ADSL Versus Fibre

When it comes to choosing an internet service provider (ISP), many people don’t also realise that many ISPs offer different types of internet lines.

These days, your choice is usually between a DSL line (which is available in a variety of options), or a fibre connection.


What Is DSL?

DSL stands for Digital Subscriber Line. It’s an umbrella term for a high-speed data connection which uses the same copper cables as your regular telephone line.

In South Africa, we get two types of DSL connections, ADSL or VDSL.

ADSL stands for Asymmetrical Digital Subscriber Line. Unlike dial-up internet, which uses the same frequency to make phone calls and transmit data, ADSL uses different frequencies. This means that you can make calls on your landline and surf the internet at the same time.

VDSL stands for Very high speed Digital Subscriber Line and it provides faster internet speeds than an ADSL line.

What Is Fibre?

Fibre internet relies on fibre optic cables to transmit data. This is done via light pulses which means that data is transferred faster than data transferred via a copper line.

Because fibre internet is, literally, internet at the speed of light, both upload and download speeds are greatly improved.

Fibre internet in South Africa, however, is still in its infancy. While there are a fair amount of fibre packages available, the cost of it, for the average person, is still too high, thereby limiting its adoption.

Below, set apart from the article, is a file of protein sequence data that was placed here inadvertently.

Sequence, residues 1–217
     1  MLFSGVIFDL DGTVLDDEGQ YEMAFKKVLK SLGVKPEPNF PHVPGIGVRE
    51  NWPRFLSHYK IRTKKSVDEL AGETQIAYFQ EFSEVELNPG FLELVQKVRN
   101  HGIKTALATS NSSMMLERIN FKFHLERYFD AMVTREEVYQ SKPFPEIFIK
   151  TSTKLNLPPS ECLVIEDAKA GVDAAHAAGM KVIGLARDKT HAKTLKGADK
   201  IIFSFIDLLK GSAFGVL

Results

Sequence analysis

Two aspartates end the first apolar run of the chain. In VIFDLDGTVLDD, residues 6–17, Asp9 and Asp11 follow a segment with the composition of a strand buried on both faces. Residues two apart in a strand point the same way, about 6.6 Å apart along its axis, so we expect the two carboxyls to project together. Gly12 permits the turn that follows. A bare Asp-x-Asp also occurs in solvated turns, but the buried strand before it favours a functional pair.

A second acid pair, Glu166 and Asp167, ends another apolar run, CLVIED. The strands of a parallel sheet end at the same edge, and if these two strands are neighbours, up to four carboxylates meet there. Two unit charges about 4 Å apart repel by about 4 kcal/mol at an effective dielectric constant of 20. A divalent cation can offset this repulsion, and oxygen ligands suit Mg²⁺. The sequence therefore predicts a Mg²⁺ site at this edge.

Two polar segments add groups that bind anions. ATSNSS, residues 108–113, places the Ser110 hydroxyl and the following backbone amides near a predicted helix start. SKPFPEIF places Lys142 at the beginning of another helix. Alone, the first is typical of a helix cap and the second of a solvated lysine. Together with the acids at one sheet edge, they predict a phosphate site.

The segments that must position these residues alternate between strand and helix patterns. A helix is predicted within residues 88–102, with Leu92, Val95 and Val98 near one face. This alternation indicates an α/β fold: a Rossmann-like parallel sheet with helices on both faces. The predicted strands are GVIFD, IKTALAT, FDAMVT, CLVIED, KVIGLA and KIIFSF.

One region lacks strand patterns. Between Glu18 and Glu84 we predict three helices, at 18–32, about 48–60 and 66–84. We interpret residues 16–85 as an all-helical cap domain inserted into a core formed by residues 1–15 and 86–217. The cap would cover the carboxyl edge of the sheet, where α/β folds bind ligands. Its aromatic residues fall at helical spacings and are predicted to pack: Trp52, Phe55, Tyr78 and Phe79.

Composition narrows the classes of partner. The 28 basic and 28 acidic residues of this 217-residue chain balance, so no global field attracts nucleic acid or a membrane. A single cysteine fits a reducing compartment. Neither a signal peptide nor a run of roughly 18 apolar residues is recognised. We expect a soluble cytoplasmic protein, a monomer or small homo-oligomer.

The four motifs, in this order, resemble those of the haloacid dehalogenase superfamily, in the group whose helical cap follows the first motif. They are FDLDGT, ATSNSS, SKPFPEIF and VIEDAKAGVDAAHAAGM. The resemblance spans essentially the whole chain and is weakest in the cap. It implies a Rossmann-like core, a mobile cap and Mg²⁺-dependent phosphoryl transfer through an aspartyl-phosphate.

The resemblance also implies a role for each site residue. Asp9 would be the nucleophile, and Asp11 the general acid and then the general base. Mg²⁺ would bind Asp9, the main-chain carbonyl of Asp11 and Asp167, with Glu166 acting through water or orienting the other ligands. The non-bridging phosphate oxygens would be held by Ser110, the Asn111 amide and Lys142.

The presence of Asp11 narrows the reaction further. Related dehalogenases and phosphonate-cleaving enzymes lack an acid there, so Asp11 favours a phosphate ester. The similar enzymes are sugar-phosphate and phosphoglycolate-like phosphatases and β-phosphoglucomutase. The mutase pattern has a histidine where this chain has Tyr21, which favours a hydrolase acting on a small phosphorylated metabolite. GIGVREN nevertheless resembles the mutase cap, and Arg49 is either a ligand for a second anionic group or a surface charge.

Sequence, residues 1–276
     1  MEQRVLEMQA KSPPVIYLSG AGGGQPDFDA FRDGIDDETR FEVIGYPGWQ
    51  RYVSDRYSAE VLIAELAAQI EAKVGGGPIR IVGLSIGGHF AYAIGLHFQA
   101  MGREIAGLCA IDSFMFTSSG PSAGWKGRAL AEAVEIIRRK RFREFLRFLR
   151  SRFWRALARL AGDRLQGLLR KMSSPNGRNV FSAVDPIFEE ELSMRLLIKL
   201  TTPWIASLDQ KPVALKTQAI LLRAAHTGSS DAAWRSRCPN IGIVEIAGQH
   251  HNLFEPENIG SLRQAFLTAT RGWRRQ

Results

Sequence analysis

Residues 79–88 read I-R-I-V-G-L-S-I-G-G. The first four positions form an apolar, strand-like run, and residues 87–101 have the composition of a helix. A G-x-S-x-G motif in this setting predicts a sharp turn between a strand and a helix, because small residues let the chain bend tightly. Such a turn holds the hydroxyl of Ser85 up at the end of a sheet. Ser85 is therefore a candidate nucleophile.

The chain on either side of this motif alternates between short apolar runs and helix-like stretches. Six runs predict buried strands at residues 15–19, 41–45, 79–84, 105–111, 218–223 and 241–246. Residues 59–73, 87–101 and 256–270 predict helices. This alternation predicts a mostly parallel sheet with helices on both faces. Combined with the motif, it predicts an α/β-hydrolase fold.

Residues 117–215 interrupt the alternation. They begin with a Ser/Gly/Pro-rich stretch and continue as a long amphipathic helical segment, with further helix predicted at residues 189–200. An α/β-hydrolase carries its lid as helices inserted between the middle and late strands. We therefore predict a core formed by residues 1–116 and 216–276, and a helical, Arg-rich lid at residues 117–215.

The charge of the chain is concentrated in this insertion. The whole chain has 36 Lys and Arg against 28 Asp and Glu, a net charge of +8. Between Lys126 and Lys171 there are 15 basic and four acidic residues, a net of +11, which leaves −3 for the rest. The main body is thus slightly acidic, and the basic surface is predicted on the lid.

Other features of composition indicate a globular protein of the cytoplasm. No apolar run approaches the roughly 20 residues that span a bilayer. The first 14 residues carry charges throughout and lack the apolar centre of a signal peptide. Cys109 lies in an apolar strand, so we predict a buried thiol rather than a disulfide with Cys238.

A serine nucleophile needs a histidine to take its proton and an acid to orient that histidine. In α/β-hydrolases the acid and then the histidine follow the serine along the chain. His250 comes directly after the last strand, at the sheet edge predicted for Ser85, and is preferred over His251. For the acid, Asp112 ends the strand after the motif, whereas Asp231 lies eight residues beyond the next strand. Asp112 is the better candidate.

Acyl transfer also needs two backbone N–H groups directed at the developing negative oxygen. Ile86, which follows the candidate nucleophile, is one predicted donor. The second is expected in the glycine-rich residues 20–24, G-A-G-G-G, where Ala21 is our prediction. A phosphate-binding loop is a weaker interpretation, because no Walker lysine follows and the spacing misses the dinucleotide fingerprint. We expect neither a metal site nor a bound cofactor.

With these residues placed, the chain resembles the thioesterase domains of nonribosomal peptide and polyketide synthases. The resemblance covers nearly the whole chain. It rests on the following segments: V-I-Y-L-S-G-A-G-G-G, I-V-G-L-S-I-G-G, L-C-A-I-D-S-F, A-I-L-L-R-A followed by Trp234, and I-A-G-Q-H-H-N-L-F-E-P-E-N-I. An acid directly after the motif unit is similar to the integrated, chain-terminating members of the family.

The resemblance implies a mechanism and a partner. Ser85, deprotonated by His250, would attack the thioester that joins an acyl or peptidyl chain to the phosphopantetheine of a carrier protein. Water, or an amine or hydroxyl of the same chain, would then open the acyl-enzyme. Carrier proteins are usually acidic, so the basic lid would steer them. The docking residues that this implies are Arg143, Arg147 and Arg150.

Fibre internet, for your house or apartment, is often referred to as FTTH (fibre to the home).

ADSL Versus Fibre

If you’re still on the fence and can’t decide between fibre and ADSL, we’ve compared some of the pro’s and cons of each:

ADSL Fibre
 Available in most areas Available in select areas in major cities
 You need a landline in order to get internet access  You don’t need a landline in order to get internet access
 The further away you are from the exchange, the slower your connection Data can travel up to 50km before degradation occurs
Available in capped and uncapped Available in capped and uncapped
Uses copper lines which are subject to physical degradation Fibre optic cables are made of glass and/or plastic and therefore last longer
Can reach speeds up to 40mbps Can reach speeds up to 100mbps


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